True. And I would add that nobody who thinks s/he is in the wrong body wants one that is biologically, sexually ambiguous. Which makes me wonder whether it is not the oppressive ways in which ‘normal’ gender performance has been enforced that are to blame here. Listening, as Milbank recommends, seems indispensable here.

And without bodily sexual difference, there would of course be no prompting to the social imagination of gender. This is the very simple point that is naïvely overlooked as too naïve by the Butlerian thinkers. It is dangerous to suggest that any and every claim to be in the wrong body requires the expenditure of scarce health resources, rather than some form of guidance. If we treat gender identity as so easily laid aside, we could lose our bedrock understanding of what human nature is. 

Gender is, of course, not so easily laid aside: the Butlerians have got that wrong (if Milbank has got them right). One of the key points of Gender Trouble is that the social construction of gender does not negate its power. That’s one of the things structuralism tells us, rightly: that we are shaped by constructions like gender.

Sexual difference is a fundamental aspect of our humanity. As Genesis has it, ‘male and female [God] created them.’ While I am willing to fight for a flexible understanding of what ‘male and female’ means, I think that to give it up entirely is neither possible nor wise. And to do so would be to reject entirely one of the other beliefs that Judith Butler and this Catholic moral theologian share: bodies do matter.

Bodies matter so much that gender dysphoria drives young people to suicide. Whatever I might say, once I get beyond my visceral reaction to these issues, it will never lose sight of that.

on weakness

These days are dark days, the days when Job’s lament (which I read out, in part, to a class on Monday) seems to voice the despair of my own soul–I, who have lost nothing and have healthy children. My darkness is of a different kind, and is heedless of all the good (and lack of it) in the world. So I have little to say. Luckily teaching means reading and re-reading, and today I find comfort and inspiration in the words of an encyclical more than six decades old.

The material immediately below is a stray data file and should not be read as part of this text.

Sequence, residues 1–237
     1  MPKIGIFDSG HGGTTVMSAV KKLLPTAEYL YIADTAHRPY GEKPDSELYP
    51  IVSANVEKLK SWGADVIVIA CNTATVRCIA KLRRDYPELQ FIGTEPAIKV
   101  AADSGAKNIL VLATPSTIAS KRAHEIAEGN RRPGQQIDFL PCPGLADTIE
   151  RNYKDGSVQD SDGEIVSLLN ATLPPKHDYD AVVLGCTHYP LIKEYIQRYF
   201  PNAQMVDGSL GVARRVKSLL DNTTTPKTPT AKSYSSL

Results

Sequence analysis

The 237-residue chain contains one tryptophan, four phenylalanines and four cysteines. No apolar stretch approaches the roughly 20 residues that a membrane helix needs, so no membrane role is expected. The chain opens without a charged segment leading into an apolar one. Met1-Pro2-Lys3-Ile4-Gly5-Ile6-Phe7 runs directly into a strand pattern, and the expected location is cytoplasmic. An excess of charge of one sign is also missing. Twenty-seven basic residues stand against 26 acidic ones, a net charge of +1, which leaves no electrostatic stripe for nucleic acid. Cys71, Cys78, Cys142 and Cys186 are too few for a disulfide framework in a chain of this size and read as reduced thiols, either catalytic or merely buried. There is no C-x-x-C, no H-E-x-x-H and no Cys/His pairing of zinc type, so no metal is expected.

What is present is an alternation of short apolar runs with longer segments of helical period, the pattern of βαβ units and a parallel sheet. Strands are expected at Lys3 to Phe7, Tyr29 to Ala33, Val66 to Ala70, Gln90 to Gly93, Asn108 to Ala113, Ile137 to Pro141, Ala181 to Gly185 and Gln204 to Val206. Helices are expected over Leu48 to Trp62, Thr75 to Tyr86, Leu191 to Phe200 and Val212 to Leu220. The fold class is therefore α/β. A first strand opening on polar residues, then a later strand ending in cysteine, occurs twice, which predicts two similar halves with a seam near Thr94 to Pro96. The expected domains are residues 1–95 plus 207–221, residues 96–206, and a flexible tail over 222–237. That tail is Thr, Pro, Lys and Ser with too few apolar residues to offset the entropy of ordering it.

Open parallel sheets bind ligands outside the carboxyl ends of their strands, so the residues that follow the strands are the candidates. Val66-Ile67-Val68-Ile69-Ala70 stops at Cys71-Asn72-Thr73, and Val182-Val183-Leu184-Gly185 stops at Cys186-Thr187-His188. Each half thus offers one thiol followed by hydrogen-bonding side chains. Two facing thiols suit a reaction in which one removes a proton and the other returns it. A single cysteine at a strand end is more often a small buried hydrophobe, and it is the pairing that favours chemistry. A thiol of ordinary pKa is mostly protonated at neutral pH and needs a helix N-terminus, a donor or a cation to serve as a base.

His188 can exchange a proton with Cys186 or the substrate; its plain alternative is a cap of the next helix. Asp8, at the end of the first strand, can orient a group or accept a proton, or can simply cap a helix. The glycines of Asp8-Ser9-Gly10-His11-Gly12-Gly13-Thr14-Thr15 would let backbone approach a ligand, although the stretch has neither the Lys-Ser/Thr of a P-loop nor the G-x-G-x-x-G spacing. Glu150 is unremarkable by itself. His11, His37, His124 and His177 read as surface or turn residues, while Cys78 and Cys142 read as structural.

For as the Apostle with good reason admonishes us: “Those that seem the more feeble members of the body are more necessary; and those that we think the less honourable members of the body, we surround with more abundant honour.” Conscious of the obligations of our high office, we deem it necessary to reiterate this grave statement today, when to our profound grief we see at times the deformed, the insane, and those suffering from hereditary disease deprived of their lives, as thought they were a useless burden to society; and this procedure is hailed by some as a manifestation of human progress, and as something that is entirely in accordance with the common good. Yet who that is possessed of sound judgement does not recognize that this not only violates the nature and the divine law written in the heart of every man, but that it outrages the noblest instincts of humanity? the blood of these unfortunate victims who are all the dearer to our Redeemed because thy are deserving of greater pity, “cries to God from the earth.”*

In all those who suffer or are in need, in all those who are small and weak, we ought to see Christ. Why is this so hard? We long to see Jesus–and here he is, right here. If only we had eyes to see him, we would find our heart’s desire.

 

*Pius XII, Mystici corporis (1943), 94

giving thanks (for some women)